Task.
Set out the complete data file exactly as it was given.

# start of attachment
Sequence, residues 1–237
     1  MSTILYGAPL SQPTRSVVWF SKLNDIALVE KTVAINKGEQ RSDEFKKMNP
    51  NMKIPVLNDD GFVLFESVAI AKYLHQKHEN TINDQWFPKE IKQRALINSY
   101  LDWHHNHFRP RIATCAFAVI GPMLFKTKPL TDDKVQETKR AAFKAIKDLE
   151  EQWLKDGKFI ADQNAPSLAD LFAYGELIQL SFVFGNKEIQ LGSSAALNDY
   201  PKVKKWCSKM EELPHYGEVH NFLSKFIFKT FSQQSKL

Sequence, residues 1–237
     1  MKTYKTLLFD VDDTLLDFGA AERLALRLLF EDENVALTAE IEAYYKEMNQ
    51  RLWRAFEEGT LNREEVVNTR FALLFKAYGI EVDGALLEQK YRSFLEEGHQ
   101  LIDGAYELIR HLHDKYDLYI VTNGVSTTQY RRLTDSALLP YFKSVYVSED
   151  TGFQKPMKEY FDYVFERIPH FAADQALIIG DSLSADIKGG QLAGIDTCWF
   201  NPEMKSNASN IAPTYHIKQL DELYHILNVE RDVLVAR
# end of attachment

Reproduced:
Sequence, residues 1–237
     1  MSTILYGAPL SQPTRSVVWF SKLNDIALVE KTVAINKGEQ RSDEFKKMNP
    51  NMKIPVLNDD GFVLFESVAI AKYLHQKHEN TINDQWFPKE IKQRALINSY
   101  LDWHHNHFRP RIATCAFAVI GPMLFKTKPL TDDKVQETKR AAFKAIKDLE
   151  EQWLKDGKFI ADQNAPSLAD LFAYGELIQL SFVFGNKEIQ LGSSAALNDY
   201  PKVKKWCSKM EELPHYGEVH NFLSKFIFKT FSQQSKL

Sequence, residues 1–237
     1  MKTYKTLLFD VDDTLLDFGA AERLALRLLF EDENVALTAE IEAYYKEMNQ
    51  RLWRAFEEGT LNREEVVNTR FALLFKAYGI EVDGALLEQK YRSFLEEGHQ
   101  LIDGAYELIR HLHDKYDLYI VTNGVSTTQY RRLTDSALLP YFKSVYVSED
   151  TGFQKPMKEY FDYVFERIPH FAADQALIIG DSLSADIKGG QLAGIDTCWF
   201  NPEMKSNASN IAPTYHIKQL DELYHILNVE RDVLVAR